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MONDAY MUSINGS: This man’s thinking was ahead of his time. . .

In 1949, a Man from Clanton, Chilton County, Alabama helped push the law to will bodies to lawful science and surgery.


The following newspaper article from the July 31, 1949 edition of The Tuscaloosa News reported the following about David Bell Adams:

Montgomery AP – Interested in having your bones walk around in someone else’s body after you die? There’s a chance you can do it under the legislation just signed into law by Gov. James E. Folsom.

Governor Folsom signed the bill

Governor Folsom got the first invitation to will his bones to his fellow man after putting his signature on this bill giving him the right to do so.

The invitation came from jocular, 70-year-old David Bell Adams of Chilton County – the man behind Alabama’s new law.

Adams, who lives a hermit-like exile in a windowless log cabin at Greasy Ridge near Clanton, said he ran into some opposition from relatives when he launched his crusade for the new law.

He claims part credit, at least, for pushing a similar bill through the Arkansas legislature.

“There are 10 states now,” he announced proudly, “that have made it possible for individuals to will their bodies to lawful science and surgery.”

Practiced what he preached

Adams practices what he preaches. He keeps a flawlessly-worded legal document strapped around his chest at all times to make sure his body is delivered to a hospital as soon as it is found lifeless.

He even goes further. He’s busy not trying to encourage others to take advantage of his “rehabilitation” service under the new law.

Here’s one of his advertisements as it appeared in a recent edition of the Clanton Union Banner:

Parts List

“Are you blind or maimed and wish rehabilitation? If you send me a list of parts needed. No charge for my service in listing and arranging for parts.”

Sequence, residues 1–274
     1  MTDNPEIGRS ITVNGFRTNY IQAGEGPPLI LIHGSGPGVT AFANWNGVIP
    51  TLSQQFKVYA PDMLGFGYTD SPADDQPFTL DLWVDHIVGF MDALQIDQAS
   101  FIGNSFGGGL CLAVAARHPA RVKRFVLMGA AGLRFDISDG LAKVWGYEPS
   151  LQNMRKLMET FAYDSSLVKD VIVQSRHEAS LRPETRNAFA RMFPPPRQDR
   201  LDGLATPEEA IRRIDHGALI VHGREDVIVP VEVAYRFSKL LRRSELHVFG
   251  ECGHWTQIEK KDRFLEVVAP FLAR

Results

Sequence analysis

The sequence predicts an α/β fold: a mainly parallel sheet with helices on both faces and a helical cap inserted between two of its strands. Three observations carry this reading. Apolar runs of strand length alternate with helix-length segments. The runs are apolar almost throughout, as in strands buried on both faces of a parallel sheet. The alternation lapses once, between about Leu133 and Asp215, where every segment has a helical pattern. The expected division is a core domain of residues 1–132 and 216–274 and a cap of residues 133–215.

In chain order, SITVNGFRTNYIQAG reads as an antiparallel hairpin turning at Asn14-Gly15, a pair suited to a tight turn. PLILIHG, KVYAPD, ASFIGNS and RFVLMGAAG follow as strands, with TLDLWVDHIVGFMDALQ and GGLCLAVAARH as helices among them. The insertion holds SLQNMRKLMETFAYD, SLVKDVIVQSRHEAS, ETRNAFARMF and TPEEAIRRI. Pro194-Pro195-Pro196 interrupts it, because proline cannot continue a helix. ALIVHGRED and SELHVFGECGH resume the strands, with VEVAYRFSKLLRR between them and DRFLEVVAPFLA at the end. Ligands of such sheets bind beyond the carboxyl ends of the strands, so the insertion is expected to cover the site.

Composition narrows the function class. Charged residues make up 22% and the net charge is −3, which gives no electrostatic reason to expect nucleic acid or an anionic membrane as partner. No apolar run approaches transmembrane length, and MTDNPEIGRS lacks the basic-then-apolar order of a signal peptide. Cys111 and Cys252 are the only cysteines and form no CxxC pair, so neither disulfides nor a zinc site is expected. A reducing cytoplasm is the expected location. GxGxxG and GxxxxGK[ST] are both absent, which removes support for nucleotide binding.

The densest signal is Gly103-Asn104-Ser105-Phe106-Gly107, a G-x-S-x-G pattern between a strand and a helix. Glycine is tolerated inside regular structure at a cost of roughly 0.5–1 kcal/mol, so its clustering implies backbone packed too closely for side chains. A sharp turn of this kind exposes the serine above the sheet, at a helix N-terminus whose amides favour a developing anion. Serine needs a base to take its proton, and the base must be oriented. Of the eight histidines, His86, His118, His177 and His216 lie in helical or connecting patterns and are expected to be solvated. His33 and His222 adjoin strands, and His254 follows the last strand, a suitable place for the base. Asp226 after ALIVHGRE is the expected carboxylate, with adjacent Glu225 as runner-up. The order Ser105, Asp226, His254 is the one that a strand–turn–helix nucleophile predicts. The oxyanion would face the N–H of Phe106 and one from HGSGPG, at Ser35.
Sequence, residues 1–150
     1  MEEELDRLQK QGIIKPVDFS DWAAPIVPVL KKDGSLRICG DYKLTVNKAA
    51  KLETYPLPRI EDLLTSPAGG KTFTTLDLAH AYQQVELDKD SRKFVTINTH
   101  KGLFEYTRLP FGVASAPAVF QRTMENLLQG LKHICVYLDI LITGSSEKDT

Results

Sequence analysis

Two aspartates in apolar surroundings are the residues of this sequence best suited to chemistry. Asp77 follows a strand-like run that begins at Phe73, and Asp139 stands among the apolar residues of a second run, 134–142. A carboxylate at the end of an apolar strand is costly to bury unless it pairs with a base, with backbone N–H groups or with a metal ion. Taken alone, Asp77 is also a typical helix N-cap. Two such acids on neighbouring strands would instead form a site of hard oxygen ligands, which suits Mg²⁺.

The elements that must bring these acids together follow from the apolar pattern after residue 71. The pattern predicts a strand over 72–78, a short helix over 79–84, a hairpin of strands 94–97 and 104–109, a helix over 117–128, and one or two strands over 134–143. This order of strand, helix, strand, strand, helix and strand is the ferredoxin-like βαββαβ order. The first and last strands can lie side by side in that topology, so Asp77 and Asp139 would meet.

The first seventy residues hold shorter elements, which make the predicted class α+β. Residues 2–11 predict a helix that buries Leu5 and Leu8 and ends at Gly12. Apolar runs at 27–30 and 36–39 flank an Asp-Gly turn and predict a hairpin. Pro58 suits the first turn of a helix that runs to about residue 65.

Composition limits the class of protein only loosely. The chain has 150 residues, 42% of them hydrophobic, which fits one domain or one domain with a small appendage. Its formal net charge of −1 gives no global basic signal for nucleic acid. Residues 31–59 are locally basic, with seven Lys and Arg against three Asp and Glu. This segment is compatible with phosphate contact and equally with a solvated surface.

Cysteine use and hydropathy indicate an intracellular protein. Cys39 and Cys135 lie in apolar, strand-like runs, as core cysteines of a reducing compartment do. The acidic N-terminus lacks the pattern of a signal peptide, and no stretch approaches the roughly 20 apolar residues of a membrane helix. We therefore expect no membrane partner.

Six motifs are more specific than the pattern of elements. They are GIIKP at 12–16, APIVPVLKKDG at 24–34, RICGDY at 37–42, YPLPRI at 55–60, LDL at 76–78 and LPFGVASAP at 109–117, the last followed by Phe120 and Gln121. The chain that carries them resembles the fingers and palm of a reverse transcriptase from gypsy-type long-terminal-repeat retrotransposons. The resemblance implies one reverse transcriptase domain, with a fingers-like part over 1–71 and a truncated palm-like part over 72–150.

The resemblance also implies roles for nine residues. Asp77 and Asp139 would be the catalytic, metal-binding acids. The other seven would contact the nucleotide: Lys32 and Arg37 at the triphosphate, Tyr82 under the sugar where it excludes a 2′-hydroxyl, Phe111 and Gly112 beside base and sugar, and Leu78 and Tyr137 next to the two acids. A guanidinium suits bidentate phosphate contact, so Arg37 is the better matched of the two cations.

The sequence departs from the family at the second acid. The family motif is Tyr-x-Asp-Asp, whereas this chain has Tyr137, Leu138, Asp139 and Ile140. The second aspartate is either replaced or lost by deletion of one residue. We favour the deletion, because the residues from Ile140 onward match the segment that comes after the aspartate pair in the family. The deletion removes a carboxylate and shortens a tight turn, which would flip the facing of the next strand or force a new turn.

The snow-haired philanthropist has had his lawyer write safeguards in the “instrument” to insure proper delivery of his body to medical science.

In his will he specifies should there be no waiting list for parts of his body, they are to be “preserved, pickled, rendered into a skeleton or otherwise handles in such a was as to be used for the benefit of man kind.”

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By (author): Donna R Causey
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About Donna R Causey

Donna R. Causey, resident of Alabama, was a teacher in the public school system for twenty years. When she retired, Donna found time to focus on her lifetime passion for historical writing. She developed the websites www.alabamapioneers and www.daysgoneby.me All her books can be purchased at Amazon.com and Barnes & Noble. She has authored numerous genealogy books. RIBBON OF LOVE: A Novel Of Colonial America (TAPESTRY OF LOVE) is her first novel in the Tapestry of Love about her family where she uses actual characters, facts, dates and places to create a story about life as it might have happened in colonial Virginia. Faith and Courage: Tapestry of Love (Volume 2) is the second book and the third FreeHearts: A Novel of Colonial America (Book 3 in the Tapestry of Love Series) Discordance: The Cottinghams (Volume 1) is the continuation of the story. . For a complete list of books, visit Donna R Causey

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